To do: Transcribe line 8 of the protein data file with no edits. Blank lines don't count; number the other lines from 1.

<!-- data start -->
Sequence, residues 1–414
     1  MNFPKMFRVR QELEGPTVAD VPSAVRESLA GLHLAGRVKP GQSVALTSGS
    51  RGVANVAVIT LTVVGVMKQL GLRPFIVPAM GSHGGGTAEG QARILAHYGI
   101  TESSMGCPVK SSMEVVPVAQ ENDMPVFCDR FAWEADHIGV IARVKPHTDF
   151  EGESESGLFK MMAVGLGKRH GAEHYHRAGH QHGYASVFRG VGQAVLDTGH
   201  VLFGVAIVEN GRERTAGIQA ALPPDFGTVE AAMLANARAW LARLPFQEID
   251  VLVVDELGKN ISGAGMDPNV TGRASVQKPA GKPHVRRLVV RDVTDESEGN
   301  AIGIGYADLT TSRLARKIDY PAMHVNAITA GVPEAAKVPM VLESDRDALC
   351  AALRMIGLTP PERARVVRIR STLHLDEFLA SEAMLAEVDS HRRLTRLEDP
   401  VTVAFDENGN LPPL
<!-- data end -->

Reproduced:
   301  AIGIGYADLT TSRLARKIDY PAMHVNAITA GVPEAAKVPM VLESDRDALC